I really the look and feel of ICS. It’s close enough to Gingerbread that I don’t feel lost but it’s different enough to feel like I’m using something new. I like the blue and black theme much better than the previous orange (though I wish there was a selection of color themes). The more 2D feel of the interface (at least for the native Android apps) is really nice too. It’s different enough from iOS but not as different as Metro (or whatever it’s supposed to be called now). Some apps like the music player, the  contacts app and Gmail have had significant redesigns and are a quite a bit nicer to use. I don’t know what changes they have made to the keyboard but it seems much more natural to type on and more accurate. However the caps lock feature seems to be gone which is a bit annoying at times. Most third party apps seem to be unchanged by the design changes. The whole phone seems much snappier and faster. Battery life during actual use seems about the same, though it does seem longer on standby ( I haven’t made any scientific measurements).

I’ve been pretty happy with the Android platform and this phone in particular since I got it. It was not quite as polished as iOS but it wasn’t significantly deficient either. With the ICS update I feel like Android has made small but steady improvements to the whole experience. Since I mostly use the stock Android apps and popular ones like Facebook and Twitter I haven’t explored the ecosystem much. That being said, I have no complaints about the apps and services I do use. I use my phone basically as a quick lookup and occasional texting and calling device — I much prefer a proper computer when it comes to doing work. For those purposes the phone is great. With the improved keyboard I’ve been using it for quick emails and IM as well. If I was in the habit of keeping a shorter blog I think I could use the phone to write for that as well.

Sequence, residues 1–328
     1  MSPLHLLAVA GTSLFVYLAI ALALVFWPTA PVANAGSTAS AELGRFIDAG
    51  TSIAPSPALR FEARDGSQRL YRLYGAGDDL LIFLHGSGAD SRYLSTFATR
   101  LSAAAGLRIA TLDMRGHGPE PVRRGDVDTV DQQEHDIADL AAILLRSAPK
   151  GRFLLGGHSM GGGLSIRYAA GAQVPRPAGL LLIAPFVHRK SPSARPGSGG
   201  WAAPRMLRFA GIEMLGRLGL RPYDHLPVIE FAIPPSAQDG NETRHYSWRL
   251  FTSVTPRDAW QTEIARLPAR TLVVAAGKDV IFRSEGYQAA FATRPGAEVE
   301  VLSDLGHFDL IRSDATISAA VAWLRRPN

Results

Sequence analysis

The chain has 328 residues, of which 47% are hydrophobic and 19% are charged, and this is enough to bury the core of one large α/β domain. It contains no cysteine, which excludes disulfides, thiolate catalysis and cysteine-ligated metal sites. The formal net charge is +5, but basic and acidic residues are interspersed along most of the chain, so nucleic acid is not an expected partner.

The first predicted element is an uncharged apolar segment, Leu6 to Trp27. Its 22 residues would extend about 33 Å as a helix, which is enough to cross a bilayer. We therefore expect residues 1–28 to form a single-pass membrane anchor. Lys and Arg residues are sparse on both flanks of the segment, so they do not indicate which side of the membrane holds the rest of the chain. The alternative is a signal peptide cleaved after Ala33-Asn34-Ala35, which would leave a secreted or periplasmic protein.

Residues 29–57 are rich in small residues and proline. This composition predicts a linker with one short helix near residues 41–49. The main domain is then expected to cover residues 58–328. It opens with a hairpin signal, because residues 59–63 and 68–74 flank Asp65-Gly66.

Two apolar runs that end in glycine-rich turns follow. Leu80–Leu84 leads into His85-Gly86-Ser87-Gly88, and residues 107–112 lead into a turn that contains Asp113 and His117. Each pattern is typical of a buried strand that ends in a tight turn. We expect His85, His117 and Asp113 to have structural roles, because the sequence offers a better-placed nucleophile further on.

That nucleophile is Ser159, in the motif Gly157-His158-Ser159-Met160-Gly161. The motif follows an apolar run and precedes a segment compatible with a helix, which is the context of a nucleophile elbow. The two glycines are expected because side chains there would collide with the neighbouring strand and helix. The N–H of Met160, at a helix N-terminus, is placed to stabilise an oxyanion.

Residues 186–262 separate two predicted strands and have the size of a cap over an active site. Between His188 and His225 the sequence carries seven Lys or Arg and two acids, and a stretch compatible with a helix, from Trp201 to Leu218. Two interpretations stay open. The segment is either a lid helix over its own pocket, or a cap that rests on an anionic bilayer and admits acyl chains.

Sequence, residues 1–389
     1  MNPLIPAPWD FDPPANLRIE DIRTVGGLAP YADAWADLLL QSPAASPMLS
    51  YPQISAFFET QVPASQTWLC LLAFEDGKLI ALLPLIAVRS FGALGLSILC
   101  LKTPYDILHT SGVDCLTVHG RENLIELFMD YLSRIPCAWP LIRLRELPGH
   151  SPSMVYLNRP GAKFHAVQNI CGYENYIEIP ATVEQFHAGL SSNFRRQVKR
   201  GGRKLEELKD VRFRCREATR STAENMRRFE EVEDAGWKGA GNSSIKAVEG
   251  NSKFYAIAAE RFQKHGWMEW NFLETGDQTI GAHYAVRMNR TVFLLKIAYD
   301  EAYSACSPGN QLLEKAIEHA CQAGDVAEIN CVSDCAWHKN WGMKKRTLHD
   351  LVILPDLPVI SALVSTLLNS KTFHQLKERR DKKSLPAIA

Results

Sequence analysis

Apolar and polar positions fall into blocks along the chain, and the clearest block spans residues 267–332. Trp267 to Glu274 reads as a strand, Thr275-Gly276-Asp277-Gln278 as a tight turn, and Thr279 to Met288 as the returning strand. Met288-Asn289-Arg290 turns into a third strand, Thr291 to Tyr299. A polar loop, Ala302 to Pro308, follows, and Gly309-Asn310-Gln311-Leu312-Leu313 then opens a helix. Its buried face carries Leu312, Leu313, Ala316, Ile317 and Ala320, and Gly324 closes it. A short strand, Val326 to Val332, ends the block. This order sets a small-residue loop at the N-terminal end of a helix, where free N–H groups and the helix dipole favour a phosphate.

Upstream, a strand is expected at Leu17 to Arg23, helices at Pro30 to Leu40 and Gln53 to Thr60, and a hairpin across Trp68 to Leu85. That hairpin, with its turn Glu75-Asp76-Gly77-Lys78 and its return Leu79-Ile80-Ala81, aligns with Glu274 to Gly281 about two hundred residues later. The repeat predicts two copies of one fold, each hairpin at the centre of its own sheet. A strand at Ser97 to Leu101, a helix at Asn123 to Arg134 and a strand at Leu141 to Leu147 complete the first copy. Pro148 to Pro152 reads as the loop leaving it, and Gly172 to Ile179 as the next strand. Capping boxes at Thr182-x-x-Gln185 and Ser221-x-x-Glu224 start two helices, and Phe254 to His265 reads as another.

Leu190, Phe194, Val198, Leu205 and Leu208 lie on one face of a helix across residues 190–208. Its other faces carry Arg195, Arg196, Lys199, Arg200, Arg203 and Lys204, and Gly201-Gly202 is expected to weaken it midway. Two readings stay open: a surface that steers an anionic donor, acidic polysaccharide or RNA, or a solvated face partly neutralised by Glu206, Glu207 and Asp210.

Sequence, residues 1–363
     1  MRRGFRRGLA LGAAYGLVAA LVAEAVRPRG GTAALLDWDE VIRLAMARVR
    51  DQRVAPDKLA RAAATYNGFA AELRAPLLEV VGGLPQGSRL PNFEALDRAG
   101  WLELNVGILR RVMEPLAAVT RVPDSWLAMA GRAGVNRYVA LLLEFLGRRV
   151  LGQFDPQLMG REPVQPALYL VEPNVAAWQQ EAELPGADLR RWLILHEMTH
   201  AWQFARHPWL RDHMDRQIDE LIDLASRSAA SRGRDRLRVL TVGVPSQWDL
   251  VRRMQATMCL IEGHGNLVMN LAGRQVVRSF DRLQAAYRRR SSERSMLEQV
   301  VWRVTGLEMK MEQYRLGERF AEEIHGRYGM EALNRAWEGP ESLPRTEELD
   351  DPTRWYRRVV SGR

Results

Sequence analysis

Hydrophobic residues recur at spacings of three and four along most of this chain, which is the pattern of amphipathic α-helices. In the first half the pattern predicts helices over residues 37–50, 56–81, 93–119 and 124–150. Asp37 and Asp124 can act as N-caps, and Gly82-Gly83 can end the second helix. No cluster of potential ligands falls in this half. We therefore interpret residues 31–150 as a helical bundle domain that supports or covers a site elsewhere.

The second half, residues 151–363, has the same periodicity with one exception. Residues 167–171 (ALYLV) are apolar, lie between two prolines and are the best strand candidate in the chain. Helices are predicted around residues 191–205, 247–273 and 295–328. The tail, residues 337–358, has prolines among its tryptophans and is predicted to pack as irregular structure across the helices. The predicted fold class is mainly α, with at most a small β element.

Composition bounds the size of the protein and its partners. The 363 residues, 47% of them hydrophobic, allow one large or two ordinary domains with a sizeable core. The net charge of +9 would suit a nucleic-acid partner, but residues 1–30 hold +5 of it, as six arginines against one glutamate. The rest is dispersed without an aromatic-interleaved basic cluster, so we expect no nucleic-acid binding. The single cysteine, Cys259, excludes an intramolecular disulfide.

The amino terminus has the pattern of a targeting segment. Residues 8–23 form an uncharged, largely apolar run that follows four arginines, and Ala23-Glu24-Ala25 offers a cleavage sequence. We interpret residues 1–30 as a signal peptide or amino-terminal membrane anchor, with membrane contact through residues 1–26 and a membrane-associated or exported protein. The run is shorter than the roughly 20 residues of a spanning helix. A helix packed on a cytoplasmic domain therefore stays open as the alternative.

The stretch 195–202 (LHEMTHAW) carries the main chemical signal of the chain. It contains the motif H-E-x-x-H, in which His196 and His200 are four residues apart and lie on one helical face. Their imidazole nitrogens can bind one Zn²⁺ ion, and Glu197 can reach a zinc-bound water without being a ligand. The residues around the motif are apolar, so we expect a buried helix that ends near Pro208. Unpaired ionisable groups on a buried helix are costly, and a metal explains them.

I don’t plan on switching phones any time soon and I’m glad to say that it looks like I won’t be forced to. The Nexus S is a solid device (not perfect, but solid). I wish it had a better camera and I’d be happy to pay for an OmniFocus app (even if it was just read only) but apart from that I’m happy with it. The ICS update made it better than it was and there doesn’t seem to have been any unnecessary superfluous changes. I hope the Jelly Bean update (when it comes) will keep going in the right direction.

Sunday Selection 2012-04-08

Today’s selection is something of a health special. For better or for worse our minds are intimately tied to our bodies. Until the day we have seamless uploading technology we’ll have to take care of bodies if we want our minds to work well. And in order to do that we need to know about how our bodies actually work and what’s good for us.

Around the Web

Is Sugar Toxic? The title is perhaps deliberately inflammatory, but the notion behind is perhaps just as troubling. Is is possible that sugar (not just high fructose corn syrup) is not just harmful in large quantities but something that’s dangerous by nature?

Humans: hot, sweaty, natural-born runners I’ll be the first to admit that I’d be happy if I could get away with doing no exercise at all. Unfortunately that’s not the case. The good news is that evolution has equipped us with the systems we need to be powerfully capable runners. Being a regular runner doesn’t require superhuman feats of dedication – it’s in our genes, we just have to tap into our latent biological potential.

From the shelves

The Four Hour Body I don’t really agree with Tim Ferriss’ Four-Hour Work Week ethic, but I do like the compendium of practical health and fitness information that he’s assembled in this book. While some of his advice is probably best taken with a physician’s advice this book will give you some great ideas and actionable guidelines for becoming healthier and stronger.

Moving Pictures

What Would You Do With Your Own Google? That, is a very good question. Cure cancer? Cure aging? End poverty and world hunger? We’re living in a world of unprecedented computational power and incredible amounts of data to crunch. What could we learn from all that data and how can we use it to change the world?